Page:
Three Sisters (Australia)

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Three Sisters
Stratigraphic range: Triassic
Blue mountains - three sisters.jpg

The Three Sisters towering above the Jamison Valley.
Type Rock formation
Unit of Great Dividing Range
Lithology
Primary Sandstone
Location
Coordinates 33°44′8″S150°18′52″E / 33.73556°S 150.31444°E / -33.73556; 150.31444
Region Blue Mountains
Country Australia
Type section
Named for Indigenous mythology

The Three Sisters are an unusual rock formation in the Blue Mountains of New South Wales, Australia, on the north escarpment of the Jamison Valley. They are located close to the town of Katoomba and are one of the Blue Mountains' best known sites, towering above the Jamison Valley. [1] Their names are Meehni (922 m), Wimlah (918 m), and Gunnedoo (906 m). [2]

Contents

The formation receives more than 600,000 visitors per year. [3]

Formation

A view of The Three Sisters rock formation alongside Mount Solitary. The lighter coloured orange/yellow sections indicate fresh rock, exposed by recent erosion. The Rock Peak Meehni of the Three Sisters.jpeg
A view of The Three Sisters rock formation alongside Mount Solitary. The lighter coloured orange/yellow sections indicate fresh rock, exposed by recent erosion.
The Three Sisters at sunset Three Sisters Sunset.jpg
The Three Sisters at sunset

The Three Sisters were formed by land erosion around 200 million years ago during the Triassic period when the sandstone of the Blue Mountains was eroded over time by wind, rain and rivers, causing the cliffs surrounding the Jamison Valley to be slowly broken up.

When the Blue Mountains were covered in seawater, the ocean carried large amounts of sediment that gradually sunk to the floor in crosswise layers. These layers later created rock beds and shales. Around 200 million years ago, volcanoes erupted through the coal, sandstone and shale layers, forming the ridges and the shape of the Three Sisters. [4]

Aboriginal legend

The commonly told legend of the Three Sisters is that three sisters, Wimalah, Meeni, and Gunedoo, [5] lived in the Jamison Valley as members of the Katoomba tribe. They fell in love with three men from the neighbouring Nepean tribe, but marriage was forbidden by tribal law. The brothers were not happy to accept this law and so decided to capture the three sisters. A major tribal battle ensued, and the sisters were turned to stone by an elder to protect them, but he was killed in the fighting and no one else could turn them back.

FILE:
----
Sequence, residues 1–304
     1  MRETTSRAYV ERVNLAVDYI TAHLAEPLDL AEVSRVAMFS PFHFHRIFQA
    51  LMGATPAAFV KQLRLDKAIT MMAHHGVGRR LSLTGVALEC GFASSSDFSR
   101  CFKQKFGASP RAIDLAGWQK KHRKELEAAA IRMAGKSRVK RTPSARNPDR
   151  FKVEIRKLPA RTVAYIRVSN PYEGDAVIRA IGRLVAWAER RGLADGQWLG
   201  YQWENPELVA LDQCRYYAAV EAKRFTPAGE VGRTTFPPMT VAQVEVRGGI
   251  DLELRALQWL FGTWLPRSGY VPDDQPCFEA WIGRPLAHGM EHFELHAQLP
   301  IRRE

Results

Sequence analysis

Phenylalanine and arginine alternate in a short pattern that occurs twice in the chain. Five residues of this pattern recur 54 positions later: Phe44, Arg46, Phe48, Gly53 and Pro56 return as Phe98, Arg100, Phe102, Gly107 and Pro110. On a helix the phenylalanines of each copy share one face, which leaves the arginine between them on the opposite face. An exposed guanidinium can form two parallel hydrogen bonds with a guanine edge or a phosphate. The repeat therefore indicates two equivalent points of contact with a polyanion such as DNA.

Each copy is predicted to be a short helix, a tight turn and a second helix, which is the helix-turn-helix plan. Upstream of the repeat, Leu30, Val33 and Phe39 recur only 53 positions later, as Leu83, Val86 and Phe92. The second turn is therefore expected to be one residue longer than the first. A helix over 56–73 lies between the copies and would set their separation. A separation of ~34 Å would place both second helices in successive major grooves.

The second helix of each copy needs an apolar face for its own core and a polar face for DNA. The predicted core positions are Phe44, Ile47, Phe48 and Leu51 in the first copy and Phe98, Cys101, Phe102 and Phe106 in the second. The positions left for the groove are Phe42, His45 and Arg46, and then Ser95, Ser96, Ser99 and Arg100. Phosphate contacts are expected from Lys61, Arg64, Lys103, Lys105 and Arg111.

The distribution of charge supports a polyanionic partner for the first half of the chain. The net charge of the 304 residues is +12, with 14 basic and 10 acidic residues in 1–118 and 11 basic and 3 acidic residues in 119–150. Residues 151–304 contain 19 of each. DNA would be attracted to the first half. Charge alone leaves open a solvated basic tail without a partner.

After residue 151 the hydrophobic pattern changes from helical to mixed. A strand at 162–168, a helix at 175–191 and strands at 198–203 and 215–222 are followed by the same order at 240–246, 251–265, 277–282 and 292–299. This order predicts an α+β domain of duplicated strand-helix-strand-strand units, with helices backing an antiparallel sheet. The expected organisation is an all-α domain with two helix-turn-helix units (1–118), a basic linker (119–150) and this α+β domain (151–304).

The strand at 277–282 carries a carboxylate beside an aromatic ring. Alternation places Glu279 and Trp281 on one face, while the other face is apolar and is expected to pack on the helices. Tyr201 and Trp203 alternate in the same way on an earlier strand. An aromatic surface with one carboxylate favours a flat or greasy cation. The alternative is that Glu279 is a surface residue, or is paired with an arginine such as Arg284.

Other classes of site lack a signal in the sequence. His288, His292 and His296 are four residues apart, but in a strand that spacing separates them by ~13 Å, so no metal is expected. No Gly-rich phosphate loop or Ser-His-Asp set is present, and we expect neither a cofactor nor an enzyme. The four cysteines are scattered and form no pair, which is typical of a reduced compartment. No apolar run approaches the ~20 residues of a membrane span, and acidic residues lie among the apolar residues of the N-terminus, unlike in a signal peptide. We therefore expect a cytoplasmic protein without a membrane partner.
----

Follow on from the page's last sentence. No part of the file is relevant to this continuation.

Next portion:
This legend is commonly claimed to be an Indigenous Australian Dreamtime legend. [6] However, the legend as is commonly told may be traced back to non-indigenous 16-year-old schoolgirl Patricia Stone, who gave the formations their "indigenous" names. [7] [8]

The Aboriginal traditional owners, the Gundungurra, have a different legend that includes the Sisters rock formation. [9]

The Three Sisters were declared an Aboriginal Place in January 2014, making it the 98th place in New South Wales to be declared as such. [3]

Giant Stairway

From nearby Echo Point, a bushwalking trail leads to the Three Sisters and down to the valley floor via more than 800 well-maintained steel and stone steps called "the Giant Stairway". Then a 1.5-hour walk on The Federal Pass trail leads to the base of Katoomba Falls and the Katoomba Scenic Railway. Walkers who don't wish to climb back to the top can take the Scenic Railway back to the plateau for a fee.[ citation needed ]

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References

  1. "Three Sisters in the Blue Mountains - Katoomba". VisitNSW.com. Archived from the original on 1 December 2012. Retrieved 18 November 2012.
  2. "The Three Sisters". Stralia Web. Retrieved 18 November 2012.
  3. 1 2 "Three Sisters declared an Aboriginal Place". Department of Planning and Environment. Government of New South Wales. 19 January 2014. Retrieved 20 October 2022.
  4. The Three Sisters, Blue Mountains Sightseeing Tours Australia
  5. "The Three Sisters". Sydney Morning Herald. 30 May 1931.
  6. Sarzin, Anne (3 November 2003). "Myth and meaning in the Blue Mountains". UTS: Newsroom > U:Read it. University of Technology. Retrieved 18 July 2014.
  7. Burge, Michael. "The tale of a legend". Michael Burge Media. Retrieved 26 August 2019.
  8. Burge, Michael (2017). Creating waves : critical takes on culture and politics.
  9. "Gundungurra Tribal Council Aboriginal Corporation". Baddog Productions. Retrieved 18 November 2012.